Confessions of a young media buyer: ‘I got PTSD’
This article appears in the latest issue of Digiday magazine, a quarterly publication that is part of Digiday+. Members of Digiday+ get access to exclusive content, original research and member events throughout the year. Learn more here.
The agency world is plagued by long hours and small paychecks for young employees. In our latest Confessions, where we exchange anonymity for honesty, a young media buyer describes the lack of work-life balance at an agency.
So you have a new job now, what made you make the switch?
At my old agency, we had too much work and not enough people. There wasn’t enough time in the day to get everything done. We needed, like, six more people to do all the work. It was crazy. My old agency was known to pay lower salaries but had a good work-life balance. But the longer I worked there, the worse the work-life balance got. People kept leaving and then they were losing clients. When I first started, there were 35 people, and when I left there were, like, 14, and we were still expected to churn out the same amount of work. Two people were let go, the rest left and they weren’t able to rehire fast enough. People got offers from other agencies that would pay them more, so they left, and so did I.
How much were you making then?
We were definitely underpaid and overworked. When I left, I was making $47,500. I negotiated myself a 25 percent increase when I moved to my current job.
How much better is your current job?
I got PTSD from my old job when I left for my new one. My body didn’t know how to cope with not constantly being stressed and also being treated poorly by my boss. My old boss used me as a whipping post. If anything went wrong, I was somehow the one who got yelled at. He took all his frustration out on me. It was not fun.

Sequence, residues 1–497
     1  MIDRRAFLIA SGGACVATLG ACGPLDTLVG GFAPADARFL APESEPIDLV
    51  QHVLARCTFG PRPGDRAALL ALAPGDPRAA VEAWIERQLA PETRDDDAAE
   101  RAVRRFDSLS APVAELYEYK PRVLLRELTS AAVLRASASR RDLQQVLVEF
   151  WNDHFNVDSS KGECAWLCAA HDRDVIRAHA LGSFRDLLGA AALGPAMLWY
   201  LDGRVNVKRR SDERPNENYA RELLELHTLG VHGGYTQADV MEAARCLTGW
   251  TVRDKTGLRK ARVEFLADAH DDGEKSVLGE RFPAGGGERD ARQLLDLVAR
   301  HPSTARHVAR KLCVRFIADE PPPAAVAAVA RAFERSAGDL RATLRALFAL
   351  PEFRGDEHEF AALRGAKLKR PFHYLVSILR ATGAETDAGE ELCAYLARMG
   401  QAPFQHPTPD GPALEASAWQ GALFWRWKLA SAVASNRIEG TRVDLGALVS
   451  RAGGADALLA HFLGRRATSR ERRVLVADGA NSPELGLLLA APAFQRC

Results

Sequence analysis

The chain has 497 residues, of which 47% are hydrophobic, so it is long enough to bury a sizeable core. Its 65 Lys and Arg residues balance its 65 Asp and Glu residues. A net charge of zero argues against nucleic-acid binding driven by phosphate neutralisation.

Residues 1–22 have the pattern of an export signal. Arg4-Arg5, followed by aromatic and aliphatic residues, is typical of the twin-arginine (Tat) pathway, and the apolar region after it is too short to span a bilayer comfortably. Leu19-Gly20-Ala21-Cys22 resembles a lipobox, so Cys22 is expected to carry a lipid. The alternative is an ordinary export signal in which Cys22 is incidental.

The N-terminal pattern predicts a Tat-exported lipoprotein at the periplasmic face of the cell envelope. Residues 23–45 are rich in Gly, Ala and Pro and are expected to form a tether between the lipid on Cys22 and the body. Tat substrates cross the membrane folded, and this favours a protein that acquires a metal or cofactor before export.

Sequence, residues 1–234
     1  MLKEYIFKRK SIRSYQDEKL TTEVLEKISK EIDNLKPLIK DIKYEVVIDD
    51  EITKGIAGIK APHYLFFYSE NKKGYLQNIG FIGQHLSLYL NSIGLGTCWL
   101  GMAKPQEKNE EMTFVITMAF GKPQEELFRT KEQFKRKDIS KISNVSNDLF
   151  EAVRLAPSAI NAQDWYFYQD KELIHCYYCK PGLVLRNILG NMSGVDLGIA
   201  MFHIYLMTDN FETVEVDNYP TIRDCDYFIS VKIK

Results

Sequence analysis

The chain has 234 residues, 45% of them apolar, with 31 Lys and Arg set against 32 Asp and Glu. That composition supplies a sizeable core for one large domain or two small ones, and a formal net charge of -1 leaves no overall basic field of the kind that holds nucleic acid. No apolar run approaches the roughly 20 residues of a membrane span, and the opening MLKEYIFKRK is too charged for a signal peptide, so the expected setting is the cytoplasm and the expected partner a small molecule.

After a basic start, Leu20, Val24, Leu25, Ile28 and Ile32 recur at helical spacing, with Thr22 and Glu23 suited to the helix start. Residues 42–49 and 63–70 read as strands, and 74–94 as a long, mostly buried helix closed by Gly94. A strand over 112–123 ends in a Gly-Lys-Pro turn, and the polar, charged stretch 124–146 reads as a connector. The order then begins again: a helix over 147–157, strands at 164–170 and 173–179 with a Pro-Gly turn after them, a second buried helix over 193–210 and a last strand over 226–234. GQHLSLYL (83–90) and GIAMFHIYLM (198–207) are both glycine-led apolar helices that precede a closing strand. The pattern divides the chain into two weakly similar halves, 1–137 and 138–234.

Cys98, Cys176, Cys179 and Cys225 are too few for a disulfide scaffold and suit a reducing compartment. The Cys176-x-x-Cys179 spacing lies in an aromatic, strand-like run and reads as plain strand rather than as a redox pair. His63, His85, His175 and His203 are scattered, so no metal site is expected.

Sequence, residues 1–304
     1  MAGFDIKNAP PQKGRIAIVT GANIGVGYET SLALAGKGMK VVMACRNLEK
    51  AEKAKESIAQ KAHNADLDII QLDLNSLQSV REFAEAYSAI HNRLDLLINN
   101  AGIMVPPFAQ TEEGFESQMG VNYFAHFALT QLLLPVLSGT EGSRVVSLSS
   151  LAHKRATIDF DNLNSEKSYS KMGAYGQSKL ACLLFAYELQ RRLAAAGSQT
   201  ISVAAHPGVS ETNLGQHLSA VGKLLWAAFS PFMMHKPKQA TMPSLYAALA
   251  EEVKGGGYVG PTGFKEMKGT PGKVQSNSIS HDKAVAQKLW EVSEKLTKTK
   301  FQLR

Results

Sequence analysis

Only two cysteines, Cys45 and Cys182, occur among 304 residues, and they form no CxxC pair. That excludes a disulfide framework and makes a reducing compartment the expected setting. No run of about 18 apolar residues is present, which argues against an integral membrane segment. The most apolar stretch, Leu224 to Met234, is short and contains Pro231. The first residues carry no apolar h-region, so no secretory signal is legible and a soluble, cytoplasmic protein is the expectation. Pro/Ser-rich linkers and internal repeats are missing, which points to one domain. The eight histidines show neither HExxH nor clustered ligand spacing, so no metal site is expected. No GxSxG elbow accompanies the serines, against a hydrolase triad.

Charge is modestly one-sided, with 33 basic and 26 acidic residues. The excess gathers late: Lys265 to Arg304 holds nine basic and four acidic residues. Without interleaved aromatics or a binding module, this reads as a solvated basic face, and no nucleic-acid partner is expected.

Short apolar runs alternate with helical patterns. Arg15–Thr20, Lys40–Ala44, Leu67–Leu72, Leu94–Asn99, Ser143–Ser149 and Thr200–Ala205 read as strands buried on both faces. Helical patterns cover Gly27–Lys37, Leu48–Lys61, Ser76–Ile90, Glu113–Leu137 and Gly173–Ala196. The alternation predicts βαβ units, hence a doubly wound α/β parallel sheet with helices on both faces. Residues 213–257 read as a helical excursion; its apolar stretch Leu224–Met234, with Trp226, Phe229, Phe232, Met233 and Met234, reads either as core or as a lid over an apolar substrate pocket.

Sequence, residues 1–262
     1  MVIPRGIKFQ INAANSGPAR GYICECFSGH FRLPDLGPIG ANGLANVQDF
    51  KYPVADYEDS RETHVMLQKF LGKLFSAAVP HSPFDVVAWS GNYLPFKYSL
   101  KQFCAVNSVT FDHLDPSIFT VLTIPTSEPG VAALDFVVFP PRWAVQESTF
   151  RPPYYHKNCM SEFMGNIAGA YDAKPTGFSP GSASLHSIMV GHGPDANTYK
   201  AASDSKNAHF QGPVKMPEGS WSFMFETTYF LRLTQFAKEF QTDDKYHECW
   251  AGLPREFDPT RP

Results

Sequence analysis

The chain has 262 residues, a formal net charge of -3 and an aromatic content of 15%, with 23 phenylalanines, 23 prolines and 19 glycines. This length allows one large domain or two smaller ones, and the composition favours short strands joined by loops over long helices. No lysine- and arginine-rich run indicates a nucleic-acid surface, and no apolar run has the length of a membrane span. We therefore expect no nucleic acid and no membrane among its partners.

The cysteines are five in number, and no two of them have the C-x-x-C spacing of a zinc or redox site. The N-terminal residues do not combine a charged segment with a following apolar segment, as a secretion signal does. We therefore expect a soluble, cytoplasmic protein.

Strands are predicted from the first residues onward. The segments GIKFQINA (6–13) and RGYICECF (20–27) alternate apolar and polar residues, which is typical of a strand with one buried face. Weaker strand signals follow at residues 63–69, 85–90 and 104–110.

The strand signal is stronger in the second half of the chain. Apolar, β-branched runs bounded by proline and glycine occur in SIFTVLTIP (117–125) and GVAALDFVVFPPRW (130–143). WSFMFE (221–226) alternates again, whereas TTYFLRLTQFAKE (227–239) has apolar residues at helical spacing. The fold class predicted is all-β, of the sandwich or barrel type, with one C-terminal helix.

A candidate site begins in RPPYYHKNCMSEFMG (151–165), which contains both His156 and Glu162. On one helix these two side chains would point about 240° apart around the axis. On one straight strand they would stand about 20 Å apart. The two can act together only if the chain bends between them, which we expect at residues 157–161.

What is your current agency doing differently?
Work-life balance used to be an issue at my current job, but they’ve made a lot of strides to make it better. Work is now structured so that there’s a period of time where we have to work more hours and over the weekend. It’s about four stressful months out of the year. It’s very manageable because you know there is an end in sight and it’s not a forever type of thing.
Overall, do you view a lack of work-life balance an issue that permeates the industry?
There are some people who are paying attention and making the necessary changes, but I wouldn’t call it a trend. I’m one of the lucky ones now.
‘We lose track of time’: How agencies are helping employees with mental health issues now
Agencies across the country are finding ways to help employees manage their mental health needs now due to the coronavirus pandemic.
The Bundesliga offers sponsors and broadcasters a sanitized glimpse as to how sports will restart
Viewing figures for Germany's top soccer league have soared. The league, clubs and sponsors are adapting with more digital marketing and interactive in-game features.
‘I carry my phone to the bathroom’: How remote work can foster a new kind of ‘presenteeism’
It’s a problem rife across organizations exacerbated by our current virtual, distributed lives. Call it the rise of virtual presenteeism, the need to be “present” at all times and demonstrating that through “always-on” availability, despite not fully functioning.
SponsoredVideo advertisers are turning to format innovation to push beyond interruptive experiences
In a new video, experts from GumGum, The Martin Agency and Pinterest discuss the future of video advertising — and outline their vision for how video ads can be less disruptive.
‘A big part of this is social responsibility’: How a Texas ad agency is returning to the office
For the independent media agency’s seven employees, going back into the office now that it’s available again is entirely optional.
Member ExclusiveThe coronavirus crisis is marketing’s ultimate A/B test
The current conditions set up a fascinating future case study into which of the foundations of marketing remained solid during a crisis, and which cracked under pressure.